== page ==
The new administration’s pipeline stance not evidence of Trump’s lingering aggressive diplomatic strategy, says former U.S. diplomat
“The will of the people has been heard and the will of the people has been heeded,” said Joseph R. Biden, Jr., the newly sworn-in 46th president of the United States in his inauguration speech on Jan. 20, while overlooking Capitol Hill.
Sitting adjacent to the president, Vice President Kamala Devi Harris made history as the first Black and South Asian American woman to hold the position, along with her husband Doug Emhoff, the Nation’s first Second Gentleman.
Two weeks earlier, riots engulfed the government building, with right-wing protestors seeking to disrupt Biden’s electoral ballot certification, in an attempted coup to keep former president Trump in power.
Trump’s inaugural speech in 2017 told Americans they were witnessing “the birth of a new millennium,” where, “a new national pride will stir our souls, lift our sights and heal our divisions.”
After refusing to attend the new president’s inauguration, Trump departed Washington D.C. on Air Force One the same morning before official ceremonies began, leaving behind a nation unhealed.
In his inaugural speech, Biden acknowledged the violent insurrection at the Capitol that left five dead and dozens injured, the rise of civil unrest, political extremism, economic inequality, and a public health crisis that has killed over 400,000 Americans.
Instead of “America First,” Biden called for the nation’s commitment to progress and “that most elusive of things in a democracy: unity.” Reminiscent of John F. Kennedy’s inaugural speech, Biden asked to not solely rely on the government, but to do their part in healing the country’s strife.
Just over 39 million people watched Biden’s inauguration across major television networks. For the international community watching on, Biden said, “America has been tested, and we have come out stronger for it. We will repair our alliances and engage with the world once again.”
Prime Minister Justin Trudeau was one of the first world leaders to congratulate the Democratic party’s win, both during election week and after the inaugural ceremony. Over the past four years of the Trump administration, diplomatic tension rose between the two countries.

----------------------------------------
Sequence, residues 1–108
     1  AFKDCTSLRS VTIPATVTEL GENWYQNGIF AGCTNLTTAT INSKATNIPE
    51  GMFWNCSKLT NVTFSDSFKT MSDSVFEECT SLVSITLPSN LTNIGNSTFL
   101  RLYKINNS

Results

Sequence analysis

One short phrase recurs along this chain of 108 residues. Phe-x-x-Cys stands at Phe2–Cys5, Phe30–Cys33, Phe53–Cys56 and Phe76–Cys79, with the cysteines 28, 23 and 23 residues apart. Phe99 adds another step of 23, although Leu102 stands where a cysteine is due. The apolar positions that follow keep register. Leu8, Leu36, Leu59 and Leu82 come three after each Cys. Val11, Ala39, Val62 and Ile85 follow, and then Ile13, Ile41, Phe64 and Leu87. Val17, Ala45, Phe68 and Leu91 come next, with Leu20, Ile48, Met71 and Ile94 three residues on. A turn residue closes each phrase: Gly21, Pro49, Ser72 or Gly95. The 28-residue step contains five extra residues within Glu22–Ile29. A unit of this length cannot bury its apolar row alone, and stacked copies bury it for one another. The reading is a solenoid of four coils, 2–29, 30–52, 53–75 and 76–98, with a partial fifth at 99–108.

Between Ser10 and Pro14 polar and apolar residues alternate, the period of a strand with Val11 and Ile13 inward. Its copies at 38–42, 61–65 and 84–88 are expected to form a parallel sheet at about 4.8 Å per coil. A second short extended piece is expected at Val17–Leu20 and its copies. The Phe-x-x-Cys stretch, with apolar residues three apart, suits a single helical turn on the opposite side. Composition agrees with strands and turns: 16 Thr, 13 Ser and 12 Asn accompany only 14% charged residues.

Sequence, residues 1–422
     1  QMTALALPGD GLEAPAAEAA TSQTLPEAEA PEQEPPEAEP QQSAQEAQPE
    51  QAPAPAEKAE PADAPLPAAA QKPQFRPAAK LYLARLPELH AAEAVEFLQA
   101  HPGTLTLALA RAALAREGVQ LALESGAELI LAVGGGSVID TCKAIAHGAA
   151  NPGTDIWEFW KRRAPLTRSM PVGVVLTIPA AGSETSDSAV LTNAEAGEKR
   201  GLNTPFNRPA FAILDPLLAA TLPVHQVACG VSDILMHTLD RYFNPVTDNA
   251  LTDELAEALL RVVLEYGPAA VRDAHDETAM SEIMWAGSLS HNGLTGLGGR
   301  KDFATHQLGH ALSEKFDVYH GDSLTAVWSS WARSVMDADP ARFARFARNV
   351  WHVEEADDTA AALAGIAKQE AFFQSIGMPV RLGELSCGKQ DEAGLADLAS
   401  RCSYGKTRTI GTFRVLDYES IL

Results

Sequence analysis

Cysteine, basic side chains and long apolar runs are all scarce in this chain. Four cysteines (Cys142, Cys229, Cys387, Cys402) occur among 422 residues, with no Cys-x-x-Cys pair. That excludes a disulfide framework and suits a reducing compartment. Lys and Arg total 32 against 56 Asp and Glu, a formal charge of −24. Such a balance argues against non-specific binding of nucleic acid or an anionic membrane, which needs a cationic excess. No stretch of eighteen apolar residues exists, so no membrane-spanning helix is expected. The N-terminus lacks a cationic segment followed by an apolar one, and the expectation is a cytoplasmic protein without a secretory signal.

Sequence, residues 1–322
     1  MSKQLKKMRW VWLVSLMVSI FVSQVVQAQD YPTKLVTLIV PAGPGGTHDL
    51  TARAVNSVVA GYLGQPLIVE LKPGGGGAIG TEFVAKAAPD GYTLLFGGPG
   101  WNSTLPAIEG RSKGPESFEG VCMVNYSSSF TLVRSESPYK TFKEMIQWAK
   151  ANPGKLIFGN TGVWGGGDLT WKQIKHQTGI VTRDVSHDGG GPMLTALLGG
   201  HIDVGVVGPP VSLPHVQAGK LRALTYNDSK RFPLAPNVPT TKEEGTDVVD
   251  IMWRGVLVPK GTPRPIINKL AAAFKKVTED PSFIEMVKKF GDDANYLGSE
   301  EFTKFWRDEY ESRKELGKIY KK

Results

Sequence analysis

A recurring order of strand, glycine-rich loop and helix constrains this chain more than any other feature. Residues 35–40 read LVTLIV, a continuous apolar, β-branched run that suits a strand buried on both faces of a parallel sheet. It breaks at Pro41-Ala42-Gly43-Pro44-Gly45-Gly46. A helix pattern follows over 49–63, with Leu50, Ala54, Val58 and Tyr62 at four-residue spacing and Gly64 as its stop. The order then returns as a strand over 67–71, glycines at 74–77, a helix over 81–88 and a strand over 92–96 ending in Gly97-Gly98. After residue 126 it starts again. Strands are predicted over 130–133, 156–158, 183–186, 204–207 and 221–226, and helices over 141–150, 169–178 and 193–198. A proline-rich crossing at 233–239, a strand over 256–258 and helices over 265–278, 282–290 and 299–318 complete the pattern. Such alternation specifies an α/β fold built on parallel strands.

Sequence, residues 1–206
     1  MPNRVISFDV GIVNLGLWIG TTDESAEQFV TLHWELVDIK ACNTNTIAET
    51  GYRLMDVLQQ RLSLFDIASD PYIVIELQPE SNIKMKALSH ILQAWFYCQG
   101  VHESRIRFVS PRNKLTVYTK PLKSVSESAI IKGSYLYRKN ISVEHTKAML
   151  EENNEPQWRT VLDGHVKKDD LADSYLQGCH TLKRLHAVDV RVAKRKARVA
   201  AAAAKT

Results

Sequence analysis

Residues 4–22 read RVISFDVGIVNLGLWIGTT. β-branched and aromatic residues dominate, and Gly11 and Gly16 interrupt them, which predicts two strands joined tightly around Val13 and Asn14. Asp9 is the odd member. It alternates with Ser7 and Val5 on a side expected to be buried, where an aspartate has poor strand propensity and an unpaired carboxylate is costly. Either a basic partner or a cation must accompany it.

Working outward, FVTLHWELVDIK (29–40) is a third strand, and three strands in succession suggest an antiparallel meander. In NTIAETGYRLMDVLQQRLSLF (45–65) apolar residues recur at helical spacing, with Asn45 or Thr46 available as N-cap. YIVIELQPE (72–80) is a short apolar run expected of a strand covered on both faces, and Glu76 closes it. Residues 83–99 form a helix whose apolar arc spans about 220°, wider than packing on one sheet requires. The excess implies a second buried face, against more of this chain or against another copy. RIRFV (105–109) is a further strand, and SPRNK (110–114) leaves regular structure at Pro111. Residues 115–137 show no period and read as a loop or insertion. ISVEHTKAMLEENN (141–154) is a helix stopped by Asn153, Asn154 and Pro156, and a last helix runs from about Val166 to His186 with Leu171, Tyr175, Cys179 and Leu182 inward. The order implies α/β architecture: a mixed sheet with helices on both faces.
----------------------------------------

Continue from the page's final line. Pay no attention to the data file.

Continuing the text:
“Unprecedented, and a bit chaotic,” said Sarah Goldfeder, former U.S. diplomat and fellow at the Canadian Global Affairs Institute, on the previous administration’s relations with Canada. The “America First” policy marked an aggressive international stance, where the former administration sought to undo unilaterally beneficial agreements, to give preferential treatment to U.S. interests.
The former U.S. ambassador to Canada during the Trump administration, Kelly Craft, came with a mission to implement this new vision, Goldfeder explained.
“When she came in, there was a very distinct kind of focus to what she was here to do — and it ended up being NAFTA.”
While not completely overriding other countries’ interest as Trump initially promised, the administration did manage to replace the North American Free Trade Agreement (NAFTA) with the new United States–Mexico–Canada Agreement (USMCA) in March 2020, which included giving Americans an increase to 3.6 per cent from 3.25 per cent of the Canadian dairy market.
After a mere 22 months as ambassador, with a third of that time spent away from her post, Craft was moved to serve as Washington’s ambassador to the United Nations. During that time, there was no U.S. ambassador to Canada, causing a rift between the countries’ communications.
“That’s a big level of … connectivity, kind of a sub-political level that just wasn’t there,” said Goldfeder, on the lack of U.S. Ambassador to Canada.
With Biden promising to return to normal relations between countries, it came as a surprise to Canada when the new administration repealed the Keystone XL pipeline permit.
According to Goldfeder, this seemingly aggressive stance was not a continuation of Trump’s diplomatic practices, but a decision to return to former Democratic policies under the Obama administration.
“I think [what] Canada forgets [about] the Keystone presidential permit is that that decision was actually made initially, in 2015, to not grant the presidential permit by the Obama administration,” said Goldfeder.
Initially proposed in 2008, it took more than 10 years of conflicting political debate for the pipeline to come to end, with Obama’s vetoing of the project in 2015. In his decision, Obama acknowledged the pipeline would not contribute to the administration’s work towards sustainability and the fight against climate change.
Overall, Goldfeder has high hopes for the new administration.
“I think that what you’ll see with the Biden administration is a return to professionalism.”
Also in agreement is Graham G. Dodds, professor & associate chair in the department of Political Science at Concordia University, who feels that the new administration “will likely be a welcome change for Canada.”
The past four years hurt Canada’s close relationship with the U.S.; however, “common interests and shared values” is the bedrock of the two countries’ relationship, not who is leading the respective countries, said Dodds. But it doesn’t hurt to work with someone you see eye-to-eye with either.
“As someone well acquainted with facts, reason, and civility, Biden will likely be much easier for Canada and other allies to deal with than his erratic and caustic predecessor,” said Dodds.
Graphic by Lily Cowper